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I Wanted to Imagine Horses

It was the first dusk of autumn
so I abandoned my friends
beside the hearth
inside the rented cabin and walked
outside to discover again
there is no pact between me
and the moon, which on that night
not only wasn’t full
but had chosen to shirk entirely
its anti-darkness duties
like a student cutting algebra to star
in a pick-up game after lunch.
In the field of grass
in front of me, a pole
screwed to a metal hoop lay
prone like a child pretending to be
dead, struck by the invisible
arrow shot from
his friend’s invisible bow, just
as I felt struck by the visible
vacancy the no-moon made in the night.
It made me want to yell
Where are you moon
into outer space, the sky filling up
with gray and violet clouds, clouds
which being vapor are insentient
and have no reason
for moving, though this is something else
I forgot, watching them drift,
it seemed, significantly
downward to shroud the mountain
peak, as if to speak,
as if to reassure me
that standing still and searching
for the truant moon meant
something, precisely in its making
nothing happen. Summer
becoming fall, no moon.
That’s how it seemed.


Fever Dream

Here are your instructions.
Mother Nature, apparently,
has revised the curriculum again.
But change isn’t so bad,

so bad . . .  Still, there is this list
of chores to be tackled,
first of all to think
of the pesky snow collecting

in little white mounds
on the gutters and shingles.
And did you see the news? The paper
claims the morgue is to be

shut down for good. It’s all I can do
to try to keep
the variables straight, to blow up
the balloons, light the candles.

Sometimes it’s a bit like spelunking.
Sometimes it resembles pinball-bumpers
left on autopilot. It’s all the same
is an incorrect mantra

you will be tempted to adopt.
Help me, o stranger, I have abandoned
my true love in the garden.
Even now, lounging in my slippers, I feel

something grand is expected of me.



Storm coming soon so best we said our prayers.
Or better yet, get to dancing over the acres?
So difficult to parse what’s worth
the time each doing takes
when soon the cold will snow-festoon the land,
the blank sky all of a sudden husked
by the promised everlong nowhere lying down.
How sweet sometimes the cool forgetting feels…
But you know the awful electric stab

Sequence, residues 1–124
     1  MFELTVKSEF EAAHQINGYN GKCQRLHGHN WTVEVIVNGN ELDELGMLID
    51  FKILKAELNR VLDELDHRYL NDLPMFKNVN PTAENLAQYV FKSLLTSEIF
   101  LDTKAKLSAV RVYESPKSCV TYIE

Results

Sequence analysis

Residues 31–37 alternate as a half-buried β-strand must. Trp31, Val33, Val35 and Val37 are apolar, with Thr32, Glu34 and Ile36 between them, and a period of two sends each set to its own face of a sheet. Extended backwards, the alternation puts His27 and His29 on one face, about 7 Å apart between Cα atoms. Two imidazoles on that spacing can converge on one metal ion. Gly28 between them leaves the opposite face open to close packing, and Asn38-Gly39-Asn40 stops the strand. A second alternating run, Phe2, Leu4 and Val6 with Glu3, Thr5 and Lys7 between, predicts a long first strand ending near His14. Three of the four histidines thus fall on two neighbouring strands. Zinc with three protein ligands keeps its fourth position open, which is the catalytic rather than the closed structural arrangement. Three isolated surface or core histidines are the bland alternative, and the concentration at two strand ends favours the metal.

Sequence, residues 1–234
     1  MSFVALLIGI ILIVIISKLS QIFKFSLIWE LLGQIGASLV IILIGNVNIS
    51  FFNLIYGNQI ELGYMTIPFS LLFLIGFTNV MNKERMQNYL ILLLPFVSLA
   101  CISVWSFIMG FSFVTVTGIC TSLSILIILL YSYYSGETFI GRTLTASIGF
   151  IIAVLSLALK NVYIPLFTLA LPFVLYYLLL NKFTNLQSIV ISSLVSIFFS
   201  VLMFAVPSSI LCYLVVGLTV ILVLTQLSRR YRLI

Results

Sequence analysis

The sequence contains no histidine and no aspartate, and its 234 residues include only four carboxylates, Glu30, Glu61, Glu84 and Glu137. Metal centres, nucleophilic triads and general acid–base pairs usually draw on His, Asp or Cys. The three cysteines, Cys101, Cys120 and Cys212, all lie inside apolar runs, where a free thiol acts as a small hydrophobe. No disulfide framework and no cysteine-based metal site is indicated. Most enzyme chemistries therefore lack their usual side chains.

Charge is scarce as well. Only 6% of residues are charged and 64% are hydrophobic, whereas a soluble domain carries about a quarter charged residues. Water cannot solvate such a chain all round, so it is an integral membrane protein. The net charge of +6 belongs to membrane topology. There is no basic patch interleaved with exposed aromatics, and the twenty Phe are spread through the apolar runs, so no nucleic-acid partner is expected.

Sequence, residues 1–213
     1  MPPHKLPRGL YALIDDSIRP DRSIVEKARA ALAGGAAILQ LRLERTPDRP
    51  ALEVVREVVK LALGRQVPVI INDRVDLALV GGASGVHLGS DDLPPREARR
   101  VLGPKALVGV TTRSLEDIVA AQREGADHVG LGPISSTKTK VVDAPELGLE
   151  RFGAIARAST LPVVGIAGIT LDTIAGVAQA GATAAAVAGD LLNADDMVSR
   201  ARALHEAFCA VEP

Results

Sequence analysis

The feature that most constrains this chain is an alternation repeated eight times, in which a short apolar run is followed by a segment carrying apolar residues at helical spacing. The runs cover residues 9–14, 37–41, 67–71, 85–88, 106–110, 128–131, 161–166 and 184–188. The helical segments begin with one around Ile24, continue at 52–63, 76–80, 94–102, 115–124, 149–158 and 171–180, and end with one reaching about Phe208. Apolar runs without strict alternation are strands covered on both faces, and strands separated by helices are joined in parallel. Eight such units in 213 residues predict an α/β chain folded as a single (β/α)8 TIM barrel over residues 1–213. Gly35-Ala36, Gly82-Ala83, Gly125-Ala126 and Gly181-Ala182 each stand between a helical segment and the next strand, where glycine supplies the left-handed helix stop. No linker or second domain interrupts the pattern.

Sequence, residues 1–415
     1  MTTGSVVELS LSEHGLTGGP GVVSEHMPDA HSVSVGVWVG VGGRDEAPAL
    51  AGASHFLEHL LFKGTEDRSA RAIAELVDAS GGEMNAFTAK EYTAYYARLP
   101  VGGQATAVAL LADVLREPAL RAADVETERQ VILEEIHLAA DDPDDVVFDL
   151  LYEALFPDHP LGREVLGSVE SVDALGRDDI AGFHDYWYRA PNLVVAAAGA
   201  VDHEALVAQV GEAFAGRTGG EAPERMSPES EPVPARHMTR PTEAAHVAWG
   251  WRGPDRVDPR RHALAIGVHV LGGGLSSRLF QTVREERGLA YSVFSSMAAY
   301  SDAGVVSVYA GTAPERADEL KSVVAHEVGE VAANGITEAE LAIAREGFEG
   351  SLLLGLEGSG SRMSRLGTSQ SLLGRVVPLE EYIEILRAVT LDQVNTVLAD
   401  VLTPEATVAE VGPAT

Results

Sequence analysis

of waking up from a gold rush
dream and stumbling out to see the sight
of the rust-hewn gate, felled overnight
from its hinge. See them: the barbed wire
fence-line freighted with crows.
And yet the glass shards nonetheless of midnight
sparkle—stars of gleam and how high over the ranch.
Remember spring days racing burlap sacks?
Said unsaid nearly-empty-well feeling
burrowed hollowdown in your chest?
The sum of this the then, of course,
before we woke with a start and found
the vegetable garden a mess of vine and bramble,
and what passeth here now
for tangled overgrowth was once a rosebush.
Together we planted summers in the yard.
Alas for all the mildewed past,
and what I would very much like to be able to say
is do your worst, Sky, and we’ll fly
anyways tri-colored kites like airborne
Day-Glo dragons, like haloed whippoorwills, like…
Flightless gloaming, please
remain horizon-stuck a while, I have not chanced
to empty even half my bushel of songs.
How hard I have hoped for us all to not once disappear!
Dear father, dear stone’s-throw elkherd wanderer,
stop you now this practiced fading away.
I do not think the sun will smile again ever
if your going leaves merely
a man-shaped space, a small black hole in the air.
And you, o love, you caught uncatchable mare,
barefoot walking our makeshift northern pasture—
if now is only, and tomorrow comes lickety-
split without us having no matter a say,
then come to me now
with your fragile butcher paper hands,
your wind-harried leant-over cattail body,
your mind ablaze firing dawn wherever you move.
We are all-in, us two. We are
deepening royal blue with darkling hymns.
But where oh where will we roost
when it starts to snow and makes impassable muck
of our what-for gravel road through the crooked mountains?  


Matt Morton’s poems appear in Gulf CoastIndiana ReviewQuarterly WestWest Branch, and elsewhere. He has been a finalist for a Ruth Lilly Fellowship and a finalist in the Narrative Magazine 30 Below Story and Poetry Contest. Recently, Bob Hicok selected his poem “Windfall” as the winner of the Sycamore Review 2014 Wabash Prize for Poetry. He teaches creative writing and literature at Johns Hopkins University.